Yext’s successful IPO several weeks ago represents a kind of triumph for local SEO. Despite the fact that Yext now calls itself a “Knowledge Engine,” the company is essentially doing local listings management. It recently added reputation management.
Yext began in roughly 2006 as a next-gen pay-per-call network. The company’s growth and evolution is a product of some smart decisions by CEO Howard Lerman and his management team. It also speaks to the power of marketing and branding. There are numerous companies that do what Yext does, yet it has been able to rise above the competition with some savvy marketing and heavy spending.
But more broadly, the Yext IPO stands in for the importance of presence or listings management as a foundational tenet of digital marketing for omnichannel brands and businesses.
For roughly 20 years, various digital marketing pundits have been predicting the death of SEO. And despite a dramatic migration away from traditional SERPs to more “answers” and structured data, SEO (especially local SEO) has not only remained relevant but grown in importance. (One could argue that SEO is now effectively data optimization.)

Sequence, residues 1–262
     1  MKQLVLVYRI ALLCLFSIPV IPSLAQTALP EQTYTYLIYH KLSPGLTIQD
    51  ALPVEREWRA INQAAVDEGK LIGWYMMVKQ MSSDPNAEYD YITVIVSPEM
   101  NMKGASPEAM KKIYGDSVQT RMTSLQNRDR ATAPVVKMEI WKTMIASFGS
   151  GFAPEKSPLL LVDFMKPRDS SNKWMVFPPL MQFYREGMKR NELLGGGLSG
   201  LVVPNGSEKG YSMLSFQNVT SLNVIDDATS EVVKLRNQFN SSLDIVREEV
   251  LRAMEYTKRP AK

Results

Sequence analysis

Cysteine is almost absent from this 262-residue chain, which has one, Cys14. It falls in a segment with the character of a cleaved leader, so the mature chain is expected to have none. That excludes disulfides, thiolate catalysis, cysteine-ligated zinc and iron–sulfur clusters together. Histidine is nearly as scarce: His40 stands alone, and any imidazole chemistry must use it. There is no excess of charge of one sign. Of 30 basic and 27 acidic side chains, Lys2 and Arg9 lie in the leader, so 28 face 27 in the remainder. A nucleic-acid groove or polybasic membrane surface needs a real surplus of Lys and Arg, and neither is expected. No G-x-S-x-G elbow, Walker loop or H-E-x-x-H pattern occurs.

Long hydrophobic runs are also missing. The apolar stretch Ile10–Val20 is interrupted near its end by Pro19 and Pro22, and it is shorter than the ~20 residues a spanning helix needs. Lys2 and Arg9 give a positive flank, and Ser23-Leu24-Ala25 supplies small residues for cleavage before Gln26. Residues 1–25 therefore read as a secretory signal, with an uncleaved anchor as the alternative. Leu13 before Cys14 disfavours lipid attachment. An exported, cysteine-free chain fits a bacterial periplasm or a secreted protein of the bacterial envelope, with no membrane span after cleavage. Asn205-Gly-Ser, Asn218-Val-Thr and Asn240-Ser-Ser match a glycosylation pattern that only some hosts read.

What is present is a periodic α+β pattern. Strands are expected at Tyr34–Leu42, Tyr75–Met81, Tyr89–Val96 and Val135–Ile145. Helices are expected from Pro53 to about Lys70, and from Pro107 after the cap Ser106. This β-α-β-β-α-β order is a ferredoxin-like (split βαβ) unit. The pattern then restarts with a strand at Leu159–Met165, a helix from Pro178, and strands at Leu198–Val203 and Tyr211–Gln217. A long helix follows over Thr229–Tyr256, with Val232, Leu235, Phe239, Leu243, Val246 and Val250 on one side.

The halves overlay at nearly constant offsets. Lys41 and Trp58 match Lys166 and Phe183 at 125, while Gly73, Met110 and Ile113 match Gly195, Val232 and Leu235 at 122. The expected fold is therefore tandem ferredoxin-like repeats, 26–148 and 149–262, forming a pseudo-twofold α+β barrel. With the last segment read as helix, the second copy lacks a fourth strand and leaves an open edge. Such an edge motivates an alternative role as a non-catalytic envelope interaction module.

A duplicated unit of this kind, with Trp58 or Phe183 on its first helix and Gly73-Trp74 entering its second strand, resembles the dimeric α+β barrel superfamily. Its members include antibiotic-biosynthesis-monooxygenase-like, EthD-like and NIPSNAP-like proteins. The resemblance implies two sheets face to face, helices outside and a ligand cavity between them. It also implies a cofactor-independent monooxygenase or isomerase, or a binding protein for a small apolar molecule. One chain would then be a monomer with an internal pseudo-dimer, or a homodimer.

Local SEO was often a sideshow in the search world. But with the rise of mobile (post-iPhone), the increasingly clear link between digital research and offline buying, the value of local listings management has become obvious to brands and marketers. Enterprises that never paid much attention to location or local search are directing more effort and resources toward trying to “rank.”
Among a growing range of digital channels and marketing tactics, small businesses are most interested in social media, SEO and email. According to 2016 small business research from the Local Search Association (LSA), SEO emerged as the top category that SMBs would spend more on if they had twice their current marketing budgets.
LSA also recently hosted a webinar on the Local Search Ranking factors. More than 1,700 people registered, showing the intensity of interest in local SEO.
In its S-1 filing to go public, Yext said the following about its perceived market opportunity:
We believe that the market for digital knowledge management is a large and mostly untapped market. As a subset of digital knowledge, we estimate that there are currently over 100 million potential business locations and points of interest in the world that could benefit from our platform, representing an estimated addressable market, solely with respect to locations, of approximately $10 billion annually for our existing platform in 2016.
There are people who believe that this 100 million locations figure underestimates the global opportunity — that it’s conservative. But using this number and some modest annual spending projections, we quickly arrive at a roughly $50 billion global opportunity. So the potential value of the local listings market is $10 to $50 billion. Beyond this, analyst firm Borrell Associates has projected that companies (large and small) will spend roughly $19 billion in the US on listings management by 2020.
Even as someone who has been writing about local search and location-based marketing since roughly 1998, I’m kind of stunned by all this.